The pattern as to what would unfold over the three and half hours of Robert Mueller’s first appearance answering questions about his investigation into whether Donald Trump was the Muscovite candidate for the White House, became clear early on.
The former special counsel was not going to give a loquacious account of his findings to fire up the cause of impeaching Trump, the information had to be prised out with patience by the Democrats from often monosyllabic answers. The Republicans were not going to dwell on the two-year inquiry’s conclusions damaging to their president, but focus on the beginning of “Russiagate”, much of which took place in London, including the dossier produced by former MI6 officer Christopher Steele.
The most damning testimony against Trump came within minutes of the House judiciary committee session beginning at Room 2141 of the Rayburn House Office Building at Capitol Hill. Mueller dismissed Trump’s claims that he had been “totally exonerated” by the inquiry. “It is not what the report said, the president was not exculpated for the acts that he allegedly committed” he said.
As well as issues of obstruction, the investigation, he stressed, had discovered a huge Russian plot to manipulate the election which brought Trump to power and that Kremlin believed that Trump would be more favourable to its interests than rival Hillary Clinton.
Mueller also went on to say that although Justice Department guidelines stated that sitting presidents could not be indicted, that immunity ends when they leave office. This confirmation came from an early question by Ken Buck, a Republican; a swift, and very important, own goal.
The Republican congressmen, in response, went on attacks on multiple fronts – from questioning Mueller’s integrity, his supposed lack of legal knowledge into the main thrust of their case, the origins of the investigation. They portrayed Trump as a victim of persecution, a latter day Dreyfus, with many of them wanting to zoom in on the origins of the investigation. They threw around with abandon names like Mifsud, Papadopoulous, Downer, Simpson – names which those of us who have followed this story for a long time may have known, but would have meant little to the general public.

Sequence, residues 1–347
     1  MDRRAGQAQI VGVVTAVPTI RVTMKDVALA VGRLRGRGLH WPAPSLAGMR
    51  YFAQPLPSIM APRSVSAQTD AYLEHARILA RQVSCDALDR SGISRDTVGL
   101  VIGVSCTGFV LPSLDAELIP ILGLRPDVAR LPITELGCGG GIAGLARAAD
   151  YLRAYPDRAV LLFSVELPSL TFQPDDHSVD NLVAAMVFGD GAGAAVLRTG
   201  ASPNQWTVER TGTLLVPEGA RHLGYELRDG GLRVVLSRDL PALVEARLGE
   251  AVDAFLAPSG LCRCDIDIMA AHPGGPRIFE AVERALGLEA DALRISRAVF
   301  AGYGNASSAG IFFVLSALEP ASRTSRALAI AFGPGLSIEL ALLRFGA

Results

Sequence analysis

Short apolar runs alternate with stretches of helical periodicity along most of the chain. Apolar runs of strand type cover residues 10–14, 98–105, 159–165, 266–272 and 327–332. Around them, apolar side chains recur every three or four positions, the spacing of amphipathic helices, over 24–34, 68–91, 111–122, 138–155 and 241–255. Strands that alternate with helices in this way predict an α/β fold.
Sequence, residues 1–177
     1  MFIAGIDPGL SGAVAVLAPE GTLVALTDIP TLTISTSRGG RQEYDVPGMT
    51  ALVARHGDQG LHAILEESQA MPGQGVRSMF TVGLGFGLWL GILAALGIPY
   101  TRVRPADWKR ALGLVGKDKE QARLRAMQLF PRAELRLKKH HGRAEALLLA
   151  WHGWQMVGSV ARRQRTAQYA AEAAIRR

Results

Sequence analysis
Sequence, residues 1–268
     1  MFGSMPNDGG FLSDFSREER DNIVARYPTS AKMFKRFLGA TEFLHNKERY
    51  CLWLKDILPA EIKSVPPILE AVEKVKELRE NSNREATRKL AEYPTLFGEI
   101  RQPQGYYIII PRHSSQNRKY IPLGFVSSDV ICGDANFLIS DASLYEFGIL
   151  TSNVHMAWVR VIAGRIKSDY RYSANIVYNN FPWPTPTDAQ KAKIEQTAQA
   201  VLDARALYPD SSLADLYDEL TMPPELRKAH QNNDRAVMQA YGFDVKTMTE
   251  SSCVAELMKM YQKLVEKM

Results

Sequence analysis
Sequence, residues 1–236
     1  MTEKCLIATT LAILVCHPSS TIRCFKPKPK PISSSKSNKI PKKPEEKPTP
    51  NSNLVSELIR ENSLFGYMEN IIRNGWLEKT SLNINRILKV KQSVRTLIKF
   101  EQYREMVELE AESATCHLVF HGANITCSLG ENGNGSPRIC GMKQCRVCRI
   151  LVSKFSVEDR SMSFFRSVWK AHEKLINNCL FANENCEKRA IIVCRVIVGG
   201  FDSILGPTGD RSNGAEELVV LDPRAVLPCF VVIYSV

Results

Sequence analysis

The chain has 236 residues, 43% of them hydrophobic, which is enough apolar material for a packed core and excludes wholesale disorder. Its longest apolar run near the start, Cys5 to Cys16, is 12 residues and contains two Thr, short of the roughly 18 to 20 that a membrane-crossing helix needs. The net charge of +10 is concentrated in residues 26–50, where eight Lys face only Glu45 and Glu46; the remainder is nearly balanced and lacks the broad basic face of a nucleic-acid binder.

The construct of their case was that it was a triple, or possibly quadruple, sting by western intelligence agencies and also factions of anti-Trump, so by extension anti-Putin, Russian intelligence officers. These Moscow operatives, according to a particularly florid Republican member of the panel, Jim Jordan, a strong congressional ally of Trump, may have deliberately planted on Steele the material in his report to sabotage Trump’s election prospects.
There is a strategy behind this. Sean Hannity of Fox News, a Trump consigliere, had, according to reports, been tutoring the Republican congressmen to take this approach and try and pin the blame on the “deep state” of entrenched bureaucrats that Trump believes is ruining his presidency. William Barr, the Trump-appointed attorney general who has been accused of trying to misrepresent the Mueller report and give the president a clean bill of health, has launched a FBI investigation into the Russia investigation at the behest of Trump and right-wing Republicans.
Questioned on these issues by the Republicans, Mueller pointed out that he could not answer as there was a separate FBI investigation under way. The campaign to show there a grand conspiracy will continue, with Donald Trump Jr tweeting: “In other words ‘I will not answer questions as to how Democrats tried to overthrow the duly elected President of the United States in the greatest hoax ever perpetrated’. The whole thing started with the BS dossier and he won’t address it? What a sham.”
Faced with Mueller’s refusal to read from his report, the Democrats guided the former special counsel through what it had said. There was plenty to go on – Trump’s efforts to have Mueller fired and ordering White House counsel Don McGahn to do so; Trump’s attempts to pressurise former attorney general Jeff Sessions; Trump’s orders to his staff to falsify records; Trump’s refusal to be questioned face to face by Mueller’s team despite being told that this was vital to the inquiry.
Mueller, who had served as a marine in Vietnam before embarking on a distinguished law career, was sometimes hesitant in his answers, but unruffled facing the more hostile questioning, only becoming combative briefly in defending his staff against charges of partisanship from the Republicans.
Towards the end, Ted Lieu, a Democrat, got Mueller to reiterate that the only reason that Trump was not indicted was because he is a sitting president. As the hearing ended a number of senior Democrats – Kamala Harris, Elizabeth Warren, Beto O’Rourke – were calling for impeachment proceedings to begin. Although in front of the House intelligence committee later, Mueller corrected himself and said that the sitting president policy prevented him from making any determination on whether the president should be charged.
But there is a degree of regret among Trump’s many critics that Mueller had not followed up some lines of inquiry on collusion with the Russians, had not subpoenaed Trump to give evidence under oath and had been more clear in his report on legal and constitutional avenues open to pursue the president’s alleged obstruction of justice.
The hearing heard, once again, Trump’s despairing cry when told by Jeff Sessions that a special counsel has been appointed: “Oh my God. This is terrible. This is the end of my presidency. I’m f*****.” The president, for the time being at least, has survived that fate.
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